Jim Williamson, the only announced Santa Fe City Council candidate to join Santa Fe Power, a small but outspoken political advocacy group trying to form a slate to run in the 2018 city election, said Monday he is cutting ties with the group.
His decision came hours after The New Mexican posted a blog item about a racist poem that a member of the group had posted on Facebook, and days after the newspaper reported that the group’s leader had sent to a critic an image likening Democratic U.S. Rep. Maxine Waters, who is black, to an orangutan.
The online displays prompted startled reactions and stained a campaign season that is barely underway with about eight months to go before Santa Fe voters elect a mayor and fill four of the eight City Council seats.
Williamson said last week he didn’t condone the photograph likening Waters to an ape, which Santa Fe Power leader Gloria Mendoza sent to a woman who had called her a “bully” on The New Mexican’s Facebook page.
“Gloria Mendoza’s free speech is guaranteed in our constitution,” Williamson wrote on Facebook. “She has her style, just as we all do. I am not one to criticize.”
But immediate fallout from a group member’s recent posting of a racist poem prompted Williamson, who once called himself a proud member of Santa Fe Power, to distance himself.
Nicole Castellano, who used to be married to Williamson, posted the poem on a reporter’s Facebook wall late Thursday night but then deleted it. Castellano’s post shocked some of the reporter’s Facebook friends, who captured screenshots of the post before it was removed.
“Spic, spic, brown and slick, just like a tick. Crossed the border without a cent, now gringos buy his food and rent,” begins the poem, which includes the image of an overweight, dark-haired man holding a bottle of alcohol as odors waft from his body and flies swirl around him.
“I am shocked and disgusted by the offensive photo and poem recently posted online,” Williamson, an accountant and former director of consumer relations for the state Public Regulation Commission, said in a statement Monday. “I personally hold myself accountable for my own actions, so I have removed myself from the Santa Fe Power group.”
Castellano, a former board president of the Boys and Girls Clubs of Santa Fe, did not return a message seeking comment.
Castellano is no stranger to controversy. Last year, a state district judge ordered Castellano and the Boys & Girls Clubs of Santa Fe to pay the club’s former CEO almost $404,000 for illegally firing and defaming him in 2011.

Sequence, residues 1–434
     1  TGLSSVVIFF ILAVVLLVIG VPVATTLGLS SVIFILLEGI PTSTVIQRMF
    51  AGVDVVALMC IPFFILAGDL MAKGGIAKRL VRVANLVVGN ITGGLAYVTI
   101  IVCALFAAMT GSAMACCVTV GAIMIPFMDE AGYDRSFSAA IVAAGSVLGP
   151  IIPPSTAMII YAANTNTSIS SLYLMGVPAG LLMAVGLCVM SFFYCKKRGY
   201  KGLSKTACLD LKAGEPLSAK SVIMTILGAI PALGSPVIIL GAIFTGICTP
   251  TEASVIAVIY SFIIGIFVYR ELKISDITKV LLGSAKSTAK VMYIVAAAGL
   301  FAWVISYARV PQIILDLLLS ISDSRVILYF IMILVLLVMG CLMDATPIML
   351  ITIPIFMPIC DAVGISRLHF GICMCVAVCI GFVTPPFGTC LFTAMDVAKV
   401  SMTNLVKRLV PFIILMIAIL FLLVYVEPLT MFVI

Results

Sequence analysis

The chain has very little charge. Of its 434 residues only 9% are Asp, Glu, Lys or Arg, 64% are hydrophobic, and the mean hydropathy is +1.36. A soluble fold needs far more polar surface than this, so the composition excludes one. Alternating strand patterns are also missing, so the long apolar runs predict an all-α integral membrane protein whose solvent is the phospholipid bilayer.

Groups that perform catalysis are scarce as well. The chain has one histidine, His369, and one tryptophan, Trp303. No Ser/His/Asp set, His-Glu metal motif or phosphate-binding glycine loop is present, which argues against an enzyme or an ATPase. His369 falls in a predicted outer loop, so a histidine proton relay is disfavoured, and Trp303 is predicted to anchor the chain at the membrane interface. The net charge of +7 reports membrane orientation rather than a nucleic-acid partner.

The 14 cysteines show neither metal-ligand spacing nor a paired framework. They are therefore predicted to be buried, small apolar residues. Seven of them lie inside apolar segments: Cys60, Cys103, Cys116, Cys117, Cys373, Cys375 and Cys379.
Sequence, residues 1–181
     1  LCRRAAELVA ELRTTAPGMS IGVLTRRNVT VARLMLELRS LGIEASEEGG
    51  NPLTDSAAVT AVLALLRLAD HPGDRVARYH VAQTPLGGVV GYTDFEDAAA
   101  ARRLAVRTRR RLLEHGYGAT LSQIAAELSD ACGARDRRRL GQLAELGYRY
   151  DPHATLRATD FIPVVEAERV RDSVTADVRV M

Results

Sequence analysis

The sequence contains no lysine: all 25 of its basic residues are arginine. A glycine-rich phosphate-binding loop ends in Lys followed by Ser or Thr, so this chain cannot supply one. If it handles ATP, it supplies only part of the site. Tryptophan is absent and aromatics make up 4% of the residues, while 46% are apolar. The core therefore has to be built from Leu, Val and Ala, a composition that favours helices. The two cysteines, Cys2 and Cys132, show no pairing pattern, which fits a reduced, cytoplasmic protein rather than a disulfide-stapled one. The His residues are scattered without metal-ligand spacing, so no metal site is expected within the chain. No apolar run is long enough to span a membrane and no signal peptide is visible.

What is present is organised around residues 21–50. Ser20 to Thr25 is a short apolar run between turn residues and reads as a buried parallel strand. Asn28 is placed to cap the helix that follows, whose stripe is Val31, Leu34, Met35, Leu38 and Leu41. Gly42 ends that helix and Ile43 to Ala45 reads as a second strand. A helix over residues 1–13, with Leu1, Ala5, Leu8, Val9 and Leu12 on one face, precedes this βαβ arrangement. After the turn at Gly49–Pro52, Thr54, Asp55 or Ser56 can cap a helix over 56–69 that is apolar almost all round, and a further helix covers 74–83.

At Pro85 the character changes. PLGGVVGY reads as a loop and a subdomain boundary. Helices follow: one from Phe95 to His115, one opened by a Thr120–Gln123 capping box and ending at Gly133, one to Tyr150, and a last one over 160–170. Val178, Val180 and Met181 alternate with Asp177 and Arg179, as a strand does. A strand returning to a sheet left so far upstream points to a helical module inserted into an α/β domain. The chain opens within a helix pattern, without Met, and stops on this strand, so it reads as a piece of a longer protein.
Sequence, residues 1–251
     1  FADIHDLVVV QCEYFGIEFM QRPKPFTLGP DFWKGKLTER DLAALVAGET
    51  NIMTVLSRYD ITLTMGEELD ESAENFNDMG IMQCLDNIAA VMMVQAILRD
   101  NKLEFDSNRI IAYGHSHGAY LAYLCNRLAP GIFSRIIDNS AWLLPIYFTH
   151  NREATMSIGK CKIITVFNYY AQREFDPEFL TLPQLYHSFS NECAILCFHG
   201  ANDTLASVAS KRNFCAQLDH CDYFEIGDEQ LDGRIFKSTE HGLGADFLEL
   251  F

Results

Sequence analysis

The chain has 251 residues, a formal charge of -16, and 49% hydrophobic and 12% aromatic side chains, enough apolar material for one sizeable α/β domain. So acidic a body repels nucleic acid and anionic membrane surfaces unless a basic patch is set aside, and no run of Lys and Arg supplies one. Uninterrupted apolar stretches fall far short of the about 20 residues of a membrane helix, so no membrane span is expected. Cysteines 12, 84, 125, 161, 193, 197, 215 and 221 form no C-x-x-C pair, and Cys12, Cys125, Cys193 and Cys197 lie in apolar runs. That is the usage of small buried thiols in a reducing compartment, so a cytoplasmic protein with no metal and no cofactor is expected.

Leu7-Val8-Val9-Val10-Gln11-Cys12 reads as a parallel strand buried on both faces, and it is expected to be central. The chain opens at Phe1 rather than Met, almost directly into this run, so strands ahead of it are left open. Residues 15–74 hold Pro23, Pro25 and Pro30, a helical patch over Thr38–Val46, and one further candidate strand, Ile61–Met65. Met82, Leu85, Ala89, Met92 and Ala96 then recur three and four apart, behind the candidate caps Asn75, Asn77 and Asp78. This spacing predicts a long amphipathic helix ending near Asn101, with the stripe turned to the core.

In 2012, after Castellano finished third in a three-way Democratic primary race for a state Senate seat, Santa Fe police arrested her on suspicion of drunken driving to which she later pleaded guilty. A YouTube video of her arrest has been viewed more than 14,000 times.
In her Thursday night Facebook post, Castellano appeared to be trying to defend Mendoza.
“REALLY????” Castellano wrote to the reporter in her Facebook post. “Totally DISAPPOINTED in the New Mexican TABLOID. This is just as racist! AND YET you post the racist post about someone like Gloria Mendoza [who] totally is NOT [a racist]. How hypocritical.”
It’s unclear where Castellano obtained the poem, which concludes “A trashy race, a tacky culture, save what you can from this bean-eating vulture.”
Castellano, who recently made a throat-slashing gesture at a council meeting while staring at Councilor Carmichael Dominguez to indicate that Santa Fe Power would oust him from office, has since blocked the reporter on Facebook. Dominguez has indicated he doesn’t plan to seek re-election.
People who saw the poem on Facebook said it was highly offensive.
Williamson, who said he “explicitly” denounces all discrimination based on race, gender, sexual orientation and background, said the racist posts online were hurting his campaign.
“Not only are the postings offensive and unacceptable,” he wrote, “they detract from the core message of my City Councilor District 3 campaign to bring fiscal responsibility and accountability to City Hall so that ALL People of Santa Fe get the best value and best service in a transparent fashion for their hard earned tax dollar.”
Contact Daniel J. Chacón at 505-986-3089 or email@example.com. Follow him on Twitter @danieljchacon.